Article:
The period of the Middle Kingdom was the heyday of architectural arts, where exquisite inscriptions and fine artworks were engraved on the walls of colossal temples, the most prominent ones were Karnak, Luxor and Abu Simbel.

The era of Thutmose I was a turning point in using pyramids as tombs. On the west bank of the Nile at Luxor, there were carved-into-mountains tombs with rich and luxurious funerary furniture. This can be clearly seen in the tomb of Tutankhamun.

In order to keep wall inscriptions intact, the artists of the Modern kingdom deliberately used deep slightly embossed engravings, thus, avoiding distortion or erosion.

The most recently discovered tomb of the Valley of Kings was that of the sons of King Ramsis II; a vast tomb containing 15 mummies. Pharaonic obelisks were cut out of granite and erected in two-somes at the entrance of temples. Some of the most beautiful examples of architectural art in the ancient Egyptian empire are the temples of Amun, Cheops in Karnak and Luxor, Ramsium and Hetshep-sut at ad-Deir al-Bahari as well as the rock-embedded temples such as the major and minor temples of Abu Simbel.

New trends in the architectural, plastic and applied arts emerged as can be clearly seen in the sculptured colossal and minor statues and ornamented temple columns and mural inscriptions. This elevated style is evident in thousands of small statues made from alabaster, wood or ivory and pieces of antiquities made of glass and earthenware and jewelry inlaid with precious stones.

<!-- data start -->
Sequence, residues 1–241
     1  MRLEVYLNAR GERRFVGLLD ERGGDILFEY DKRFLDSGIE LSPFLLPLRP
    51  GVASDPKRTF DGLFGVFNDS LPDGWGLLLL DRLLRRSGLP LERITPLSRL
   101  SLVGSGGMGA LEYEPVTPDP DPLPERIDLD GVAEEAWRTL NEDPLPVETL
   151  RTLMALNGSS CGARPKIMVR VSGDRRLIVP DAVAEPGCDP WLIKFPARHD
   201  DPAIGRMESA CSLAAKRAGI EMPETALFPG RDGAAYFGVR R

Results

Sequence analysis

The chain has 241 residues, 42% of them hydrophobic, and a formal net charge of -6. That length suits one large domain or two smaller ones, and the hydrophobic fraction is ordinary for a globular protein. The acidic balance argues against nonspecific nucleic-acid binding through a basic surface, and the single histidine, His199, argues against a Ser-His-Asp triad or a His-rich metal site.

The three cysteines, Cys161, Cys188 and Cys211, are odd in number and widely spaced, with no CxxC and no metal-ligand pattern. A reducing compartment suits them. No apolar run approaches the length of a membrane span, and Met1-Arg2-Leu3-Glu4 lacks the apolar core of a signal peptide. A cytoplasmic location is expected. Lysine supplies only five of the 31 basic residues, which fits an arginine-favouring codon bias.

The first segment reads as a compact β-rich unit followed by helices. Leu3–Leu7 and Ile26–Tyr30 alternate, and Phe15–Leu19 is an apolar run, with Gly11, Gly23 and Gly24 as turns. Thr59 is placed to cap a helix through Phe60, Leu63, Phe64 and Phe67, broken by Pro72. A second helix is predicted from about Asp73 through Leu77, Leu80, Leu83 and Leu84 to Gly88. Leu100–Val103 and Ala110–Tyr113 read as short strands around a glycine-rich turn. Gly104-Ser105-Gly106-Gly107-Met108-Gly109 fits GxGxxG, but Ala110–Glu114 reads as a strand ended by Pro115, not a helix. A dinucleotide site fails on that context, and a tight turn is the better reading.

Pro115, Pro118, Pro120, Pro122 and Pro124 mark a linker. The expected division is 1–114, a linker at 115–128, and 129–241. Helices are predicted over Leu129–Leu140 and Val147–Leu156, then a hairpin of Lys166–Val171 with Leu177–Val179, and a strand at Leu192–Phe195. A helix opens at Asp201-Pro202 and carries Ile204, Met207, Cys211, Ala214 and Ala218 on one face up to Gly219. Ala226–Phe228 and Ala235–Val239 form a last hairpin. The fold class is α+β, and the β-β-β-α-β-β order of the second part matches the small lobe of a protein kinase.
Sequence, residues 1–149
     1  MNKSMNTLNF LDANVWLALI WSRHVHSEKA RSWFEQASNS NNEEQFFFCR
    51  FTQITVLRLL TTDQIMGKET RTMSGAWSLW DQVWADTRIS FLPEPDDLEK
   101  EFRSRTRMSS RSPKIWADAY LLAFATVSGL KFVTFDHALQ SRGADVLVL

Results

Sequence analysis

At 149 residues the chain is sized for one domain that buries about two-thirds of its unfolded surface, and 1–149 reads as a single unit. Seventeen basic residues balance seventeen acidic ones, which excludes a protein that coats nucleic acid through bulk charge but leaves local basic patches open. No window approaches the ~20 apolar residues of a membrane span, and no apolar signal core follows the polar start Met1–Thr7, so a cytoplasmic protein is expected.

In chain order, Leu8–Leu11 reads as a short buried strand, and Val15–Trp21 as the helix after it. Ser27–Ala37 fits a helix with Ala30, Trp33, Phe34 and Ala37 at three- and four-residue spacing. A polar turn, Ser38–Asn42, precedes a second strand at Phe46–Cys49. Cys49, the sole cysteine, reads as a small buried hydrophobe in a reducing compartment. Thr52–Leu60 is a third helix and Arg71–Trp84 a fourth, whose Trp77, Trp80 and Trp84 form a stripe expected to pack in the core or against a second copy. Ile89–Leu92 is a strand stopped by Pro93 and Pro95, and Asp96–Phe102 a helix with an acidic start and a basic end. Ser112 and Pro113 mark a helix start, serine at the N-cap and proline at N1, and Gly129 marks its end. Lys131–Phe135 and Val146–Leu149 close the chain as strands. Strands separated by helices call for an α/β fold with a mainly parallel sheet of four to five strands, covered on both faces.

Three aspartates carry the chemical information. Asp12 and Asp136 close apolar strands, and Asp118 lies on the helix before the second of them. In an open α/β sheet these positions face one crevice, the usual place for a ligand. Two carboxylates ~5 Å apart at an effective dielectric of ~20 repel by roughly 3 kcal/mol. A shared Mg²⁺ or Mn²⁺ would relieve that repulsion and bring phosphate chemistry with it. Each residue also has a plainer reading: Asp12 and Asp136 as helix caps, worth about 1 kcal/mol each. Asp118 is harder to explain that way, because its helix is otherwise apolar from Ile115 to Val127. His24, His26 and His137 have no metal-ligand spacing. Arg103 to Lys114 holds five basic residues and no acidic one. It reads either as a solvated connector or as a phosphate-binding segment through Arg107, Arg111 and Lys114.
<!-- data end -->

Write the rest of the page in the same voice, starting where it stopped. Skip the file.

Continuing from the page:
Ancient Egyptian monuments still bear witness to their excellent talent in writing and literature. Humanity is indebted to ancient Egyptians for inventing writing, later called by the Greeks the “hieroglyphic alphabet”; composed of 24 letters. Writings were made in black or red ink on papyrus. Egyptians excelled in religious writing which tackled their religious creeds and theories of the after life, secrets of the universe, various myths of gods, prayers and songs. The oldest examples of which were “The Pyramids Texts” and “The Book of the Dead”.

Ancient Egyptian writers were excellent story writers. They used words as a tool to convey wisdom and rules of good conduct. Ancient Egyptians were bent on narrating their heritage of wise sayings and proverbs, chanting them in their feasts and ceremonies. They pursued the tradition of documenting current events of their times. This rich cultural climate was instrumental in generating several Egyptian men of letters and philosophers who left masterpieces indicative of a high level of culture and thought in Egypt.


Music and songs were a favorite object for all Egyptians. Music was used for educating young people as well as in public and private ceremonies, particularly in the army. It was equally used in prayers and the burial of the dead.

Egyptians from the Old Kingdom knew wind and stringed instruments such as the “harp” known at that time as “Tipoti”. They also invented many new types of percussion instruments which were further improved across their history.


Ornaments, characterized by high artistic precision and beautiful form, were also known to ancient Egyptians. Decorative elements were derived from natural surroundings including papyrus, palm trees, lotus flowers and precious stones. Amulets, believed to protect them against evil spirits, were used. Women, in particular, paid special attention to their own make-up and toilet. They were accustomed to use Kohl (as eye-liner), bracelets, necklaces, rings and henna. Costumes in Pharaonic Egypt varied from one class to another. Clothes were made of soft linen or silk fabrics imported from ancient Syria (Phoenicia). Clothes differed according to the occasion.